The decreased transactional costs associated with organizing, networking, and sharing using social media tools creates challenges for established institutions. Blogging platforms, for example, let users publish writings on any subject they desire. Though most blogs and LiveJournals are just used to talk about one's life and keep others informed on one's activities, some use these for chronicling current events and conducting their own version of online investigative journalism. Shirky asks the question, if anyone can be a journalist, does that mean everyone should be afforded the privileges given the established concept of a journalist (such as shield laws)? Traditionally, professions exist because of a need for skilled practitioners in a field with substantial barriers to entry, such as law or accounting. But what happens when someone can use a site such as Groklaw to find case history and precedents instead of paying for a lawyer's services? Shirky argues that the sharing enabled by social media and the Web in general will require us to redefine just who exactly a professional is.
Other examples of challenges to the existing order are Shirky's description of the birth of Wikipedia in Chapter Five and the illustration of how flash mobs were used to protest against the government of Belarus in Chapter Six. Wikipedia showed how people can be brought together by something other than a motivation for financial reward to produce something that often rivals (and sometimes exceeds) the work made by paid professionals. The protesters in Belarus show how social media works by “replacing planning with coordination” (p. 172) and the implications of institutions being unable to predict or forestall group activity, instead being only able to react to it. Improved coordination allows a smaller, weaker group to outmaneuver a larger, stronger opponent. Of course, the actions taken by these smaller groups can sometimes be destructive; Shirky uses terrorist cells as an example of the dark side of enhanced coordination. This reinforces the idea that social media and the Web are only tools, and that the end result is up to the user. Likewise, in Chapter Nine, Shirky uses the unsuccessful Howard Dean presidential campaign to show that just being connected is not enough – people need to have motivation, commitment, and drive to accomplish their goals, and just signing on to be a part of something big by itself will not get results if nobody is willing to commit to the grunt work.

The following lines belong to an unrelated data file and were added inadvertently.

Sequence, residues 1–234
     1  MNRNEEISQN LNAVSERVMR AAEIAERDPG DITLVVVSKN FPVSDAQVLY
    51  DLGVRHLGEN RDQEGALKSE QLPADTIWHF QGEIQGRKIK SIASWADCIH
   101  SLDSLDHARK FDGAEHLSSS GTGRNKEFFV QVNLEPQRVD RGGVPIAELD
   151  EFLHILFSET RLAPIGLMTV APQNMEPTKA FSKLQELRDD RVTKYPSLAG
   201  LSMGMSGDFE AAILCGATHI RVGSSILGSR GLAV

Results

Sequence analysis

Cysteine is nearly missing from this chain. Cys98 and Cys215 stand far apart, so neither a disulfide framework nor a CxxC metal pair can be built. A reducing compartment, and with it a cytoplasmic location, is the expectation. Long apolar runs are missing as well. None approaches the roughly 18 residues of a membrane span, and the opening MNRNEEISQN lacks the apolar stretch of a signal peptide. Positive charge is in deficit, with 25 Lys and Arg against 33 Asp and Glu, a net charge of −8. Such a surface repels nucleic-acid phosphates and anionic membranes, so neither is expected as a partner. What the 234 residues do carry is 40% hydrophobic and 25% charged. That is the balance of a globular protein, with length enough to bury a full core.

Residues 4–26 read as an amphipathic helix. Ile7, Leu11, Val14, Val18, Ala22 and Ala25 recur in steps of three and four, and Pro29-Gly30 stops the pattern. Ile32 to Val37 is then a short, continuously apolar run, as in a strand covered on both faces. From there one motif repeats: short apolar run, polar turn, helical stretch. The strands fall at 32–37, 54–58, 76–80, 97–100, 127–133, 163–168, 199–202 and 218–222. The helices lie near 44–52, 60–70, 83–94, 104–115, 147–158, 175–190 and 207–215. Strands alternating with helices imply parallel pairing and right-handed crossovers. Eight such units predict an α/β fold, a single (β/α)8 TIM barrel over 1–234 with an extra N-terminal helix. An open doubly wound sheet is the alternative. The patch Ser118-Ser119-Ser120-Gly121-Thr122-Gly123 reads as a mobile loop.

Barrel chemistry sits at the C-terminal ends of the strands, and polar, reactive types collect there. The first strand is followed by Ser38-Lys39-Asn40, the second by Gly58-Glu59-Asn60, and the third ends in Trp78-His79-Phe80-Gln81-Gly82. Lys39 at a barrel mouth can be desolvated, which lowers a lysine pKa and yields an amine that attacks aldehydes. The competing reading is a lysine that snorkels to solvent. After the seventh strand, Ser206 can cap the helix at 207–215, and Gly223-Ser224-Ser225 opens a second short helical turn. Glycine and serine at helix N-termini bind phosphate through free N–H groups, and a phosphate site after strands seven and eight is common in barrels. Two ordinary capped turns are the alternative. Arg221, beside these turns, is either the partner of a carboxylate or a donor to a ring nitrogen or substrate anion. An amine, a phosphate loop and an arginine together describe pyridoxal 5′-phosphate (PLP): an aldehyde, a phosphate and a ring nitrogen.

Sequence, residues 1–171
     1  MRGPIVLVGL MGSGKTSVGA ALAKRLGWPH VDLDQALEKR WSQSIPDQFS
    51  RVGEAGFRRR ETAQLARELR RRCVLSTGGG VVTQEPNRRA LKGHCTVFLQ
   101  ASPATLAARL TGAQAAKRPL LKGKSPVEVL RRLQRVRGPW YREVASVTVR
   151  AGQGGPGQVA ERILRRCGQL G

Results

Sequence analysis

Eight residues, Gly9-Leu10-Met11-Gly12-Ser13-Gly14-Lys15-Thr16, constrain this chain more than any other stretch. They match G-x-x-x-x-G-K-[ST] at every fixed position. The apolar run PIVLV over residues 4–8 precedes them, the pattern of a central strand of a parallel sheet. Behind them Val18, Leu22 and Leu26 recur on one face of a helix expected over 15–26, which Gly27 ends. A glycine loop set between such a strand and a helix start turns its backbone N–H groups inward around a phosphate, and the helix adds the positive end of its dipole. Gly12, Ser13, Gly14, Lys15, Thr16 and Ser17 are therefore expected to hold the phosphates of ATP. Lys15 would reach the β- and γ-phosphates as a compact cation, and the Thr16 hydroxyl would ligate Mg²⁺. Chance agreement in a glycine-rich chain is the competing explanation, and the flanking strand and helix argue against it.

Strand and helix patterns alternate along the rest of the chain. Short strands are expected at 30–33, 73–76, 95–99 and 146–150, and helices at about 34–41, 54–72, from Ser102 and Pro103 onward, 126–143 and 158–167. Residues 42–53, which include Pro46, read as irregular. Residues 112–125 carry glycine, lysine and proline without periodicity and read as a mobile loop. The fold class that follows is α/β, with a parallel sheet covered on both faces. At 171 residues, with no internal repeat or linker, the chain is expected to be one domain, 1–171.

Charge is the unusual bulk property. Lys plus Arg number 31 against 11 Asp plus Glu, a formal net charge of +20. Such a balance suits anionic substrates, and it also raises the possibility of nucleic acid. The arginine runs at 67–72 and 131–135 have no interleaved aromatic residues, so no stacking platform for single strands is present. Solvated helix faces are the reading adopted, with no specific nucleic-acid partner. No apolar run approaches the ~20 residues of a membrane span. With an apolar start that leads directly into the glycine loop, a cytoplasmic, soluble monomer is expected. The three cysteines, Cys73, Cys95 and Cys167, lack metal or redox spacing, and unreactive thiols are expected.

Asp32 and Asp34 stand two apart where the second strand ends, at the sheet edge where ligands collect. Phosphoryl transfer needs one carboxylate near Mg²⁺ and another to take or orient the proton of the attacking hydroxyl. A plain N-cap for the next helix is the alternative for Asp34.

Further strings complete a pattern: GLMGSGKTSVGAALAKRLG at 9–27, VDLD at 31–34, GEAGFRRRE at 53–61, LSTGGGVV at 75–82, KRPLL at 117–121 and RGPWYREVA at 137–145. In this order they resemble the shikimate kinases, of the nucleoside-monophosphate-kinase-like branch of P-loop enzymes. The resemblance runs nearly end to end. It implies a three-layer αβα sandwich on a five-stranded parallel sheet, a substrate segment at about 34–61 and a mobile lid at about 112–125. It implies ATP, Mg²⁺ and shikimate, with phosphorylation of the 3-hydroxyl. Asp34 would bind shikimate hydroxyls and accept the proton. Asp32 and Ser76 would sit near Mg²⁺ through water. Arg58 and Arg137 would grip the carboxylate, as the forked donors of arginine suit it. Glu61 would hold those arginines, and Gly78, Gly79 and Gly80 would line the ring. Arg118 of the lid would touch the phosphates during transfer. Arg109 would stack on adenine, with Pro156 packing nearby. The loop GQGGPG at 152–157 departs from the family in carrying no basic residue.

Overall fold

Read on to Part Four to see my overall thoughts on the book and its arguments – where I think Shirky is right, and where I'm not so sure.